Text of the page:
It’s a good thing my family likes Sarah so much. Because they do—and how could they not?—she has an easier time getting along with them, despite their innumerable idiosyncracies and dysfunctions. Sometimes she even gets along better than I do, which you may think would lead to resentment, but in fact leads merely to my being able to surf the Internet at my grandmother’s house while Sarah chit-chats in the kitchen.
We spent much of the last week in Indianapolis, my home town. Sarah, the sweetheart that she is, has already accompanied me down there many times. She’s beginning to know the town like she never expected she would. For so many who grow up in Chicago, Sarah included, Indiana is merely that flat space that I-90 goes through on its way to the east coast. Not for me, and now, against all expectations, not for Sarah. As much as I criticize Indiana for its banality—and sure, it deserves it—I do still find something very charming and comforting about going home. The city itself is turning into a cookie cutter metropolis, but there are pieces of my childhood buried here and there, pieces that I force Sarah to help me seek out every time we go down.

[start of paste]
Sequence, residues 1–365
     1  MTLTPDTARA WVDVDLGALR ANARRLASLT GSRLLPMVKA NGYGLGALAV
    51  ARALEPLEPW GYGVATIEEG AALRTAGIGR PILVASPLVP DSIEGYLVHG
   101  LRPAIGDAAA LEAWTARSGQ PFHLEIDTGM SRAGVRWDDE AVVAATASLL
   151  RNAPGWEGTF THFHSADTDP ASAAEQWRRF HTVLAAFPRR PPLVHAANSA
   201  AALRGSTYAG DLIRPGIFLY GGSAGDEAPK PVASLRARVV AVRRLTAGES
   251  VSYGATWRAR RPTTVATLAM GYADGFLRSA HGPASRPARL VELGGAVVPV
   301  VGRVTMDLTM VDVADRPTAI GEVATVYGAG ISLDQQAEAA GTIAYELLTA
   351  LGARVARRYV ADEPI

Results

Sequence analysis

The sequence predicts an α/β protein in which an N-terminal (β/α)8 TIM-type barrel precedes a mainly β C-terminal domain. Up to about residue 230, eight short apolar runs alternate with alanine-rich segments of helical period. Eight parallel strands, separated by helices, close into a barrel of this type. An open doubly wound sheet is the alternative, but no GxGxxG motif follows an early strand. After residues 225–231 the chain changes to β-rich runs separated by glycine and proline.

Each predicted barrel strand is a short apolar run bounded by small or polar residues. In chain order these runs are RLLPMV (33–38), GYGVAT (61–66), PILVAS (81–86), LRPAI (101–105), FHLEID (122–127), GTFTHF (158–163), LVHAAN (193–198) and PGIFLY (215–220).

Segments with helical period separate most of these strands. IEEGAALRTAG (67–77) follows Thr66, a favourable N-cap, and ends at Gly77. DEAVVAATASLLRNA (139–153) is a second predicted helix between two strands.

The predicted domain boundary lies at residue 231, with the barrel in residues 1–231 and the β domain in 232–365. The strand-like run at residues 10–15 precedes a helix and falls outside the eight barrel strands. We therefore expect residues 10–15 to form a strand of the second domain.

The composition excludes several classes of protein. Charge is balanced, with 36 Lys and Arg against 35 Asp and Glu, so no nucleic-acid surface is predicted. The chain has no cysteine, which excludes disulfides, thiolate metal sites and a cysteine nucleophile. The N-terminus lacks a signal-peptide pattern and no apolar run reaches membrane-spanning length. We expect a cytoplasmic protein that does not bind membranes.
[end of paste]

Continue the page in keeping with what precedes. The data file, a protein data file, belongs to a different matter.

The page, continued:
This last trip involved a visit to both of my childhood homes, though our tours didn’t involve anything more than what a Jehovah’s Witness might see; in both cases, our doorbelling was met with only silence. We drove by the high school and library, both growing ever larger and foreign-looking. We spent a day at the zoo and an evening at the Art Museum’s back terrace, watching "Yankee Doodle Dandy"—two places I learned to appreciate only into my senior year. We cruised around Broadripple, a common getaway from the ennui of teenage suburbia, though I was quickly reminded how much of a toker hangout it is at night, and I certainly didn’t have any part of that crowd.
Someone told me recently that they thought Indianapolis was a great place to live, but they’d hate to have to visit. Seems backwards to me. Spend too much time in Indy, and I’d have to claw my eyes out. There are clumps of personality among the wide streets and subdivisions, but they’re too spread out. Indy would be much more attractive if it was packed into a space three-quarter its size. Put in some bike lanes and a decent public transit, and then we’ll talk. Until then, I’ll stick to my long-weekend visits—just the right amount of time to make me nostalgic, without making me feel I’m cheating on my current lover, Chicago.